Daily Harvest News Service
Daily Harvest -- 12/31/2014
Here's your daily summary of top news from and other national and regional headlines from across the country. Do you know of someone who should also be on our list? Please ask them to click here.


Agri-Pulse: Farm bill, GMOs, RFS, among top issues for agriculture in 2014
Link - It's been an important year for U.S. agriculture with issues affecting farming and ranching making big news day in and day out. Here's a brief look at some of the most important agricultural stories of 2014.

Agri-Pulse: Farm Bill was big story of 2014
Link - (Audio) The most significant story for agriculture in 2014 came in February when President Obama signed a farm bill finally passed by Congress.

Agri-Pulse: Opinion: Keeping farmers in the driver's seat with their farm data
Link - Paul E. Schickler: Consortiums of industry and grower groups are developing data standards and principles to ensure farmers are informed about the risks and benefits of sharing data as they sign up for new value-added services.

Agri-Pulse: USDA cracks down on chicken labeling, requires more disclosure of additives
Link - USDA is demanding that processors label raw chicken and other products more clearly to ensure consumers are aware of added saltwater and other solutions.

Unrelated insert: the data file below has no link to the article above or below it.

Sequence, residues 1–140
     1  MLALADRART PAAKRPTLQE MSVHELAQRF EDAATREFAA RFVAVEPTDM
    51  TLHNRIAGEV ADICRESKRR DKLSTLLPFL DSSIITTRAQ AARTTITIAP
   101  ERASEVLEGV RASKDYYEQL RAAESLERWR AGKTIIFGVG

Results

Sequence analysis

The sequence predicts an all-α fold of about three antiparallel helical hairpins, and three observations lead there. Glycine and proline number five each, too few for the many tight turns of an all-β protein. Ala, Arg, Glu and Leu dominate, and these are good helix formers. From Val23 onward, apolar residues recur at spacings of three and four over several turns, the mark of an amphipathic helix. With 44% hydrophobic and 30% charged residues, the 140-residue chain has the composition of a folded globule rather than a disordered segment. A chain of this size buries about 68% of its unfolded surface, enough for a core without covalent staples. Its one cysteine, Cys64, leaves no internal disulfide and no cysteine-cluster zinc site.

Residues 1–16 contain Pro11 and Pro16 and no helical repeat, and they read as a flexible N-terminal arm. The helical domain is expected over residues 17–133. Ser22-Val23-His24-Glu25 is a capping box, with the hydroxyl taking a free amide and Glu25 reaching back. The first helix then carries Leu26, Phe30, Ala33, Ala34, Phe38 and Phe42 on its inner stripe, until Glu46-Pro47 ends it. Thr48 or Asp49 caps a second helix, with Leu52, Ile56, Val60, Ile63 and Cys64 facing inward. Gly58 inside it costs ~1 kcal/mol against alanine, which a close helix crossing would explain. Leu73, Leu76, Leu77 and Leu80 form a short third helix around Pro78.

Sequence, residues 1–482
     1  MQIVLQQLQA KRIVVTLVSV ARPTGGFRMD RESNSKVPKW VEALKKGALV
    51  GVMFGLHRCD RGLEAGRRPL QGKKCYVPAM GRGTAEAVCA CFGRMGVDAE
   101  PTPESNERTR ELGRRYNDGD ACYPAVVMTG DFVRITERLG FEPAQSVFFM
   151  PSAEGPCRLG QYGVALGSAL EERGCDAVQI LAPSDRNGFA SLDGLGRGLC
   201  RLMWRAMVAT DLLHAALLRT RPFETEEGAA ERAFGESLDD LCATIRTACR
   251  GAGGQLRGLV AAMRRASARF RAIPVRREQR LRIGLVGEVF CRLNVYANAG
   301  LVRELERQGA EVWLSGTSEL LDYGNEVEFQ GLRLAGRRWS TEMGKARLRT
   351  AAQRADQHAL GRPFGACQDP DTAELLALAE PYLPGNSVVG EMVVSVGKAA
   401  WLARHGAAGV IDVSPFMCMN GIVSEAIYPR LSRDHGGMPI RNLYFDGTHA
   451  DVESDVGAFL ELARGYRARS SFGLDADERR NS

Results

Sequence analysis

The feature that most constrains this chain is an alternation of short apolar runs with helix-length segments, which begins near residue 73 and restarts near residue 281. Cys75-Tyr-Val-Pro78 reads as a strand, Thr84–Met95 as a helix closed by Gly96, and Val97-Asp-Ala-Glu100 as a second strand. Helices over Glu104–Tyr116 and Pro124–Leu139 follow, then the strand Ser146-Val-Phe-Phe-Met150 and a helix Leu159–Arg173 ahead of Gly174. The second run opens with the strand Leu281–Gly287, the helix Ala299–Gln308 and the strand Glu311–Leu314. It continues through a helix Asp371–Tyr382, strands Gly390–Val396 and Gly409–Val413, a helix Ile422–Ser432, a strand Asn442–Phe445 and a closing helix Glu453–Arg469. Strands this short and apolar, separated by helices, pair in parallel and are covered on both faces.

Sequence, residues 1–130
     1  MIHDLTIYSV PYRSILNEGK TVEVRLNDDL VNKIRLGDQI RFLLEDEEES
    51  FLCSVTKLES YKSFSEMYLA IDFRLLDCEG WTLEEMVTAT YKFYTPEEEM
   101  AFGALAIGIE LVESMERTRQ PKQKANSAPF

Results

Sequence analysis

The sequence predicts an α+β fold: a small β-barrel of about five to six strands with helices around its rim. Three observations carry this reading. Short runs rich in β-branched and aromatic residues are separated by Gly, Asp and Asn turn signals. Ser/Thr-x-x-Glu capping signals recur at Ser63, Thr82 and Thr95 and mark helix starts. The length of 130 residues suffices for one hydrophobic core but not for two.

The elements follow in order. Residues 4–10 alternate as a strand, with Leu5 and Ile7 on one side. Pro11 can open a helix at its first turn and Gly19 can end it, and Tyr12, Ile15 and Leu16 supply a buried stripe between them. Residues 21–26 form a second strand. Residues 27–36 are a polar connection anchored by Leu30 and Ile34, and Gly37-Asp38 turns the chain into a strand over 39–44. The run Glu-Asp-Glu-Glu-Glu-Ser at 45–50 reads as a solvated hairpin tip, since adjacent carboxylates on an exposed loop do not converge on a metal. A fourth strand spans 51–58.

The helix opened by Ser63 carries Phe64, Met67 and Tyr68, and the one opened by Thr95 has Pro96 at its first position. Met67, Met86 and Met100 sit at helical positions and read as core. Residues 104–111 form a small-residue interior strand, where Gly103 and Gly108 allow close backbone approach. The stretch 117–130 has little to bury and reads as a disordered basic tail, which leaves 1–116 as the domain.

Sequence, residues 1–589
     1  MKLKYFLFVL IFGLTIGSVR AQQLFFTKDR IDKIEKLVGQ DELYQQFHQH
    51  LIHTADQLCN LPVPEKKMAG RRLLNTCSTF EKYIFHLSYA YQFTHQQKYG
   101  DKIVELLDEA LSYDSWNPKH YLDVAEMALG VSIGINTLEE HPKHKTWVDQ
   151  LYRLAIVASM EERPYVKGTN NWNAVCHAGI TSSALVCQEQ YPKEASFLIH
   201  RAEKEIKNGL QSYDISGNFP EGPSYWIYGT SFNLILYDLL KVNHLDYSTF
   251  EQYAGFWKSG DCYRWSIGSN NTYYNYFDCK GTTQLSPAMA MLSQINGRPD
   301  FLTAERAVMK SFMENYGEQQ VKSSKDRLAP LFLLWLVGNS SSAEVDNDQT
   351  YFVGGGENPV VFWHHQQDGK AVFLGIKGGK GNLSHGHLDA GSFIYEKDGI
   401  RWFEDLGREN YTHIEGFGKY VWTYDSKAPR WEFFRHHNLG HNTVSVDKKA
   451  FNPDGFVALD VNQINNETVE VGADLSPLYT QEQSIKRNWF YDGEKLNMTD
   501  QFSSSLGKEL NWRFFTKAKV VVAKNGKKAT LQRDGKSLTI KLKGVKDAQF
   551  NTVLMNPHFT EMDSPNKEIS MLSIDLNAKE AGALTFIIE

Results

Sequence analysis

The Economist: Barbarians at the farm gate
Link - Institutional investors such as pension funds see farmland as fertile ground to plough, either doing their own deals or farming them out to specialist funds.

Des Moines Register: 16 lawsuits filed against Syngenta over GMO seeds
Link - Sixteen Iowa farmers and companies have filed lawsuits against Syngenta, claiming the seed producer hurt U.S. corn farmers by exporting unapproved genetically modified seed to China.

NPR: How California's New Rules Are Scrambling The Egg Industry
Link - California's consumers, though, will pay. "We can confirm that egg prices have gone up at least 35 percent. Some have reported going up 70 percent," Fong says.

Sacramento Business Journal: Five things to know about the coming year in agriculture
Link - Agriculture, ag manufacturing and ag technology are becoming key economic drivers in the region. Building on strong momentum from 2014, here are some things to watch for in 2015.

New York Times: Start-Ups Rise to Close a Gap for Farmers
Link - In spite of the surging demand for locally and regionally grown foods over the last few years, there is a chasm separating small and midsize farmers from their local markets.

Washington Post: New Republican-led panel will focus on energy and environment
Link - House Republicans next year will use a new oversight subcommittee to examine the Obama administration’s energy and environmental policies.


Agri-Pulse: Ethanol policy leaders talk outlook for 2015
Link - (Video) Growth Energy's Tom Buis and Renewable Fuels Association's Bob Dinneen talk with Agri-Pulse Associate Editor Spencer Chase about prospects for the Renewable Fuels Standard in the new year, what the new political outlook means for ethanol policy, and how marketplace uncertainty has impacted the ethanol industry.